Leucanthemum maximum

(Ramond) de Candolle

in A. P. de Candolle and A. L. P. P. de Candolle, Prodr. 6: 46. 1838.

Common names: Shasta daisy
Basionym: Chrysanthemum maximum Ramond Bull. Sci. Soc. Philom. Paris 2: 140. 1800
Treatment appears in FNA Volume 19. Treatment on page 558. Mentioned on page 559.

Perennials, 20–60(–80+) cm. Stems simple or distally branched. Basal leaves: petioles 50–80(–200+) mm, expanding into obovate to spatulate blades 50–80(–120+) × 15–25(–35+) mm, margins not lobed, usually toothed, rarely entire. Cauline leaves petiolate or sessile; blades oblanceolate to lanceolate or linear, 50–120+ × 8–22+ mm, margins of mid-stem leaves usually entire proximally, regularly serrate distally. Involucres 18–28+ mm diam. Phyllaries (the larger) 2–3 mm wide. Ray florets 21–34+; laminae 20–30(–40+) mm. Ray cypselae 2–3(–4) mm, apices usually bare, rarely obscurely auriculate. 2n = 90, 108.

Phenology: Flowering spring–summer.
Habitat: Disturbed sites, meadows, seeps, clearings
Elevation: 0–1500+ m



Introduced; Ala., Calif., Wyo., w Europe (widely cultivated, sparingly adventive).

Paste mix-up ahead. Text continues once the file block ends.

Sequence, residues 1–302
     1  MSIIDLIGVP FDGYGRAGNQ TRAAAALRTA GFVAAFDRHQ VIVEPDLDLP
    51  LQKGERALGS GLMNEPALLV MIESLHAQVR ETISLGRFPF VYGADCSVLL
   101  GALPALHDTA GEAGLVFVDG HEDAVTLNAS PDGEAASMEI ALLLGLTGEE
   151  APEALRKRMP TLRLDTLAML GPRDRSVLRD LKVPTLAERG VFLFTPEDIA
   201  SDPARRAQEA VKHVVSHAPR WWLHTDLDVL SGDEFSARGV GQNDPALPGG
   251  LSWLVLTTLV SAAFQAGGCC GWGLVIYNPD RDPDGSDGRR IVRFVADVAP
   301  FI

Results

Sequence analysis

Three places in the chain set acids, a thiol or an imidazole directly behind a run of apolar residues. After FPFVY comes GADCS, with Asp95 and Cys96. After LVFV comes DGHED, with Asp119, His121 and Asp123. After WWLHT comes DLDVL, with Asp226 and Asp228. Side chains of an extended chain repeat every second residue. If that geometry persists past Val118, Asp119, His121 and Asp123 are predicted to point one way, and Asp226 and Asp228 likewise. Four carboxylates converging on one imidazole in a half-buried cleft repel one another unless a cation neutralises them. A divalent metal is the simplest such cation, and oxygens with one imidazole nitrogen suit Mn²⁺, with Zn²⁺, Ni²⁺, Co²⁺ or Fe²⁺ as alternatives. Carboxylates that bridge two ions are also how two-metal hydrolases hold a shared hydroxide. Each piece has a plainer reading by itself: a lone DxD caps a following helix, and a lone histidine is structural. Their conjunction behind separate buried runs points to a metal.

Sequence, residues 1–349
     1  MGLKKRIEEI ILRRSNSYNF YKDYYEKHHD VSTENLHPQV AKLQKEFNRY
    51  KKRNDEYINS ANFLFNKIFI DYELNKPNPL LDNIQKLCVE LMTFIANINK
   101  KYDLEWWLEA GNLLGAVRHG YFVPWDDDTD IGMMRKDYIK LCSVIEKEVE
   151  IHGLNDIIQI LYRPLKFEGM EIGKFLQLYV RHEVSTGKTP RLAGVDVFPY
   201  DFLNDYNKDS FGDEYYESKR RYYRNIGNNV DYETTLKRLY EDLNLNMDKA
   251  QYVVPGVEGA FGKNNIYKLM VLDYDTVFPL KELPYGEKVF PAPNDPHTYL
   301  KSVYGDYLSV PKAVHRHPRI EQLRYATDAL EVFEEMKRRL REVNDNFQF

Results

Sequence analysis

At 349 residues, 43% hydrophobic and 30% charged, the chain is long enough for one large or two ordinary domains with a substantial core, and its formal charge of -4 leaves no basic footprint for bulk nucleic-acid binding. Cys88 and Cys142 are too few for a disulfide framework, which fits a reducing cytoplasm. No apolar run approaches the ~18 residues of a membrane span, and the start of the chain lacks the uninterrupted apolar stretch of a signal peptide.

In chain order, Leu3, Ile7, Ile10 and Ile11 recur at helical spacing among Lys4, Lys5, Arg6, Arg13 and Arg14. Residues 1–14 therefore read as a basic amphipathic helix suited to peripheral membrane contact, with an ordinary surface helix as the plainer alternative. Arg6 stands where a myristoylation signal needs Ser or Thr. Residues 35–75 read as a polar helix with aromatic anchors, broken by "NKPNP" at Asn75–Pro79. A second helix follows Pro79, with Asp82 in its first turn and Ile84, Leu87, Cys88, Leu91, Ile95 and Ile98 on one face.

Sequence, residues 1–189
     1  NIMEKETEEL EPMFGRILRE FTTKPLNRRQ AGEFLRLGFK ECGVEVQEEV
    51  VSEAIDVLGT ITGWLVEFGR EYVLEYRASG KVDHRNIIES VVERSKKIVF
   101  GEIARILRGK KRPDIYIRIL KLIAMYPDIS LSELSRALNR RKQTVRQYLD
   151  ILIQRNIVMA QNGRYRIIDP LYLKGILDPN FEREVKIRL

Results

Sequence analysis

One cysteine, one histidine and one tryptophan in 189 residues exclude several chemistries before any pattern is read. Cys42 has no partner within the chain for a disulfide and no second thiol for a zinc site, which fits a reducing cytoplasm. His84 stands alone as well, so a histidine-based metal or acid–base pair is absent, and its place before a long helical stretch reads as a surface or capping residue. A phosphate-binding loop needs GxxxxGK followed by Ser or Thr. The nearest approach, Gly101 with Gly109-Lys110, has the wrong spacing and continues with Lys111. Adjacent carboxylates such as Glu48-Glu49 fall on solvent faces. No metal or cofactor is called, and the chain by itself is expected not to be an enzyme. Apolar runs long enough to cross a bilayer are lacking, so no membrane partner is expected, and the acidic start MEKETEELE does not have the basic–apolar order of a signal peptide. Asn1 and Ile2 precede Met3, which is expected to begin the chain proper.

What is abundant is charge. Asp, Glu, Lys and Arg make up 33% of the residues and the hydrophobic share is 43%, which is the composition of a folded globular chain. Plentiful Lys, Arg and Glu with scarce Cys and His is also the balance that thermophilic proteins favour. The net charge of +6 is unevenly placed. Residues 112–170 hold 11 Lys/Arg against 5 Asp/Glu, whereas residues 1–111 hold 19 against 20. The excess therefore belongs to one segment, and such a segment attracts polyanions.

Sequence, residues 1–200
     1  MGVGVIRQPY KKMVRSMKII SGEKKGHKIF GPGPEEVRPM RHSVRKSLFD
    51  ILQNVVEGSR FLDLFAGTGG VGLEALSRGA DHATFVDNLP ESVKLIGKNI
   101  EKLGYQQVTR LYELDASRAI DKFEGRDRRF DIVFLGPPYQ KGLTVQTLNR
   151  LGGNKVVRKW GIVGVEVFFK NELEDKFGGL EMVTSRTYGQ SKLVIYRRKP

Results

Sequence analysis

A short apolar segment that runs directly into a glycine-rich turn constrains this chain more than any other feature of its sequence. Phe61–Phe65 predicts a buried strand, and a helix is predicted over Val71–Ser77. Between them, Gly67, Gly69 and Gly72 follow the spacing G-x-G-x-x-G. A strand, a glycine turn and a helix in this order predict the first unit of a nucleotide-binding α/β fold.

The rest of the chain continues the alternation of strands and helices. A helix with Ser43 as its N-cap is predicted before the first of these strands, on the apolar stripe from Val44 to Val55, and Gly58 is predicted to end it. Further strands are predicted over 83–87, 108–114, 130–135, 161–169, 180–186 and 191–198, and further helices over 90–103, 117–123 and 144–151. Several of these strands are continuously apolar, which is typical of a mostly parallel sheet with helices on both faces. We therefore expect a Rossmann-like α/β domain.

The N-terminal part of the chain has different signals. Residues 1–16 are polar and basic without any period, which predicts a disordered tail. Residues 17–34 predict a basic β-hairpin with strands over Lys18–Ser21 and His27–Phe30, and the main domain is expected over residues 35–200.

The name Shasta daisy of horticulture is associated also with Leucanthemum ×superbum (Bergmans ex J. Ingram) Bergmans ex D. H. Kent, which is generally thought to have been derived from hybrids between L. maximum and L. lacustre. Cultivars of “Shasta daisy” number in the dozens, including “single,” “double,” “quill,” and “shaggy” forms; they may be encountered as waifs or persisting from abandoned plantings.

Selected References


Lower Taxa

... more about "Leucanthemum maximum"
John L. Strother +
(Ramond) de Candolle +
Chrysanthemum maximum +
Shasta daisy +
Ala. +, Calif. +, Wyo. +, w Europe (widely cultivated +  and sparingly adventive). +
0–1500+ m +
Disturbed sites, meadows, seeps, clearings +
Flowering spring–summer. +
in A. P. de Candolle and A. L. P. P. de Candolle, Prodr. +
Introduced +
Compositae +
Leucanthemum maximum +
Leucanthemum +
species +